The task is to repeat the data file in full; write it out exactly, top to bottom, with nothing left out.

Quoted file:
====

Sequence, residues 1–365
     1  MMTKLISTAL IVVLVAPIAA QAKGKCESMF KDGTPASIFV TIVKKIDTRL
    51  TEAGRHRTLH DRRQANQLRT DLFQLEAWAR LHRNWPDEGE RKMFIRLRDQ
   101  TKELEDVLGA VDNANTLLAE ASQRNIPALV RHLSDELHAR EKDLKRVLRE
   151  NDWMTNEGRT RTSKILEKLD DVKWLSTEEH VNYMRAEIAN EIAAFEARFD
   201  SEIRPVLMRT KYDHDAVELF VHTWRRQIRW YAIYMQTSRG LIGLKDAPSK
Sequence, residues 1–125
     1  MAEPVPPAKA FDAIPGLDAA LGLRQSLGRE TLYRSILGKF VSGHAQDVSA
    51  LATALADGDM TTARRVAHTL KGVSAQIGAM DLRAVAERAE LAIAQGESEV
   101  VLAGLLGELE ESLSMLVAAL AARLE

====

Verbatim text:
Sequence, residues 1–365
     1  MMTKLISTAL IVVLVAPIAA QAKGKCESMF KDGTPASIFV TIVKKIDTRL
    51  TEAGRHRTLH DRRQANQLRT DLFQLEAWAR LHRNWPDEGE RKMFIRLRDQ
   101  TKELEDVLGA VDNANTLLAE ASQRNIPALV RHLSDELHAR EKDLKRVLRE
   151  NDWMTNEGRT RTSKILEKLD DVKWLSTEEH VNYMRAEIAN EIAAFEARFD
   201  SEIRPVLMRT KYDHDAVELF VHTWRRQIRW YAIYMQTSRG LIGLKDAPSK
Sequence, residues 1–125
     1  MAEPVPPAKA FDAIPGLDAA LGLRQSLGRE TLYRSILGKF VSGHAQDVSA
    51  LATALADGDM TTARRVAHTL KGVSAQIGAM DLRAVAERAE LAIAQGESEV
   101  VLAGLLGELE ESLSMLVAAL AARLE